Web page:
The aftermath of road trauma: Survivors' perceptions of trauma and growth
AuthorHarms, L; Talbot, M
Source TitleHealth and Social Work
PublisherNATL ASSOC SOCIAL WORKERS
University of Melbourne Author/sHarms, Louise
Document TypeJournal Article
CitationsHarms, L. & Talbot, M. (2007). The aftermath of road trauma: Survivors' perceptions of trauma and growth. HEALTH & SOCIAL WORK, 32 (2), pp.129-137. https://doi.org/10.1093/hsw/32.2.129.
Access StatusThis item is currently not available from this repository
C1 - Refereed Journal Article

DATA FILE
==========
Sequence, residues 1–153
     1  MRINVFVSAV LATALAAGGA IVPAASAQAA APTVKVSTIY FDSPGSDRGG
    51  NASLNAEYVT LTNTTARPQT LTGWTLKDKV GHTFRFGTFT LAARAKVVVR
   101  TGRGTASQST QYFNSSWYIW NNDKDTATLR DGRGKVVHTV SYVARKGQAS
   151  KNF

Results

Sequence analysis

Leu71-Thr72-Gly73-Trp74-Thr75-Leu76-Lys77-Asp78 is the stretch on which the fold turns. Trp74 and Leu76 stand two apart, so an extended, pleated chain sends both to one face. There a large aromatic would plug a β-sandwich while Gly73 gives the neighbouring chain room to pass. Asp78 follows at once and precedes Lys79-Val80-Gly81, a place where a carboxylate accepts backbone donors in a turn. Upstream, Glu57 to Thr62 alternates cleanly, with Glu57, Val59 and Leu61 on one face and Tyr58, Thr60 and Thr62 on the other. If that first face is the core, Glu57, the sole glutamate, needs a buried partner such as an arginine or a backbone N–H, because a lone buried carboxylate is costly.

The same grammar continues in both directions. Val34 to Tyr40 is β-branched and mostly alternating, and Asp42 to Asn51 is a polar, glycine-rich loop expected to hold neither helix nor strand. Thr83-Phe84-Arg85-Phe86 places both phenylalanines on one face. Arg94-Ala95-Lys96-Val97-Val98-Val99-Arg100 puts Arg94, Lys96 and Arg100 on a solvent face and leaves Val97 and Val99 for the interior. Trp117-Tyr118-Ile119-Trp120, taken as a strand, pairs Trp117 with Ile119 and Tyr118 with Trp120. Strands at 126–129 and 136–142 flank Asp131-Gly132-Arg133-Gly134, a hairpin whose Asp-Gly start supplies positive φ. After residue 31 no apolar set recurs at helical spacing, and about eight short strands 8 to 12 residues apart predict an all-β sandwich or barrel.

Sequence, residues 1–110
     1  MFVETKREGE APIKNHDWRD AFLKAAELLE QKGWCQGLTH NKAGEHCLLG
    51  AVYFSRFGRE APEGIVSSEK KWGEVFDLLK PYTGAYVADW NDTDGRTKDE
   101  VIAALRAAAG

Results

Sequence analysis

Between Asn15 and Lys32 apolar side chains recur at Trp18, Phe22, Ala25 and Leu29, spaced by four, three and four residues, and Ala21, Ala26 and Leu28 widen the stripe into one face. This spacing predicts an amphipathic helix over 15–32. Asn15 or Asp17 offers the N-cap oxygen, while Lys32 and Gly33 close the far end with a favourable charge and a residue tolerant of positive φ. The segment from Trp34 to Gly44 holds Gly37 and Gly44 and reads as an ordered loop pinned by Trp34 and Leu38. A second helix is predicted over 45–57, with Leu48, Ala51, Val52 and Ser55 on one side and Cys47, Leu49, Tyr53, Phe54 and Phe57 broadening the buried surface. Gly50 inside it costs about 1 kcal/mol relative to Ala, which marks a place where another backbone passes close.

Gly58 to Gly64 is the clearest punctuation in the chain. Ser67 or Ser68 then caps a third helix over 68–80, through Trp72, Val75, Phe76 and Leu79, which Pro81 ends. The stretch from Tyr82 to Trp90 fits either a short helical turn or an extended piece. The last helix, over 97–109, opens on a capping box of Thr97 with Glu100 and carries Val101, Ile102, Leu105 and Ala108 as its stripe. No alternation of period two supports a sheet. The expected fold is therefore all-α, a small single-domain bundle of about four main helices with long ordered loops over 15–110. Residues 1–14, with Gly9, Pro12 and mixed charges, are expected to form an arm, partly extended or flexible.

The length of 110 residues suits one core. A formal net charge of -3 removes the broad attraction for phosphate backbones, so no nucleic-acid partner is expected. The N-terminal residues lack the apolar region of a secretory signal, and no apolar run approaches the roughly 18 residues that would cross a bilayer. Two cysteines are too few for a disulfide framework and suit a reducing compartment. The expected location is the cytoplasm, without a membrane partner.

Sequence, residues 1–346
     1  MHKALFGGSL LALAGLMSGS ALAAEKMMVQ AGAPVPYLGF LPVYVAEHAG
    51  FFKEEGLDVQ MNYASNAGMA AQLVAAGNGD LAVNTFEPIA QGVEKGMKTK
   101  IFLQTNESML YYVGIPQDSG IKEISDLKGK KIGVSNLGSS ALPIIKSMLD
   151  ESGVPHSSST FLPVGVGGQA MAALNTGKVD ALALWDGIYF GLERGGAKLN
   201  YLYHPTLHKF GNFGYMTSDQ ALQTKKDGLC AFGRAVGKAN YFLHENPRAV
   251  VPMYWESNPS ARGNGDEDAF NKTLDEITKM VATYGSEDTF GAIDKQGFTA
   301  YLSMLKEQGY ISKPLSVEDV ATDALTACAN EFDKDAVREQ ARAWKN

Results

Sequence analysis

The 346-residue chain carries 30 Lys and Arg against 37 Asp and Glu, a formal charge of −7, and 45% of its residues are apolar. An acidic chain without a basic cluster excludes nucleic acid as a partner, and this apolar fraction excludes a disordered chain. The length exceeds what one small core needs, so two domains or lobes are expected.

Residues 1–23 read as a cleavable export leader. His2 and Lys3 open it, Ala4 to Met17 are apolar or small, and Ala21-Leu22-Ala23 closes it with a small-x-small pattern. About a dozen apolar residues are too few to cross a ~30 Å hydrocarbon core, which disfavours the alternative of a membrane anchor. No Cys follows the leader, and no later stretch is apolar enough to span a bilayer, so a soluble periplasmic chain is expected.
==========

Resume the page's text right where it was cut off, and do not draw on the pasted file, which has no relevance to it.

For many survivors of serious road trauma, the physical and psychological consequences are complex and lifelong. The longer-term psychosocial recovery experience for survivors, however, is rarely documented in the social work literature. This article reports on findings from a study of road trauma recovery experiences. The findings are presented in relation to posttraumatic growth and posttraumatic stress experiences, as measured by the Posttraumatic Growth Inventory and the Impact of Event Scale. Data were collected from 79 anonymous self-administered postal surveys from participants who had received treatment in an Australian rehabilitation center following serious orthopedic injury. One-third of these survivors continued to experience serious psychological distress in the aftermath of road trauma and a range of other psychosocial consequences four years after their accident. Although 87 percent of the sample continued to experience posttraumatic stress difficulties, 99 percent reported experiences of posttraumatic growth. Implications of these findings for social work practice are discussed.
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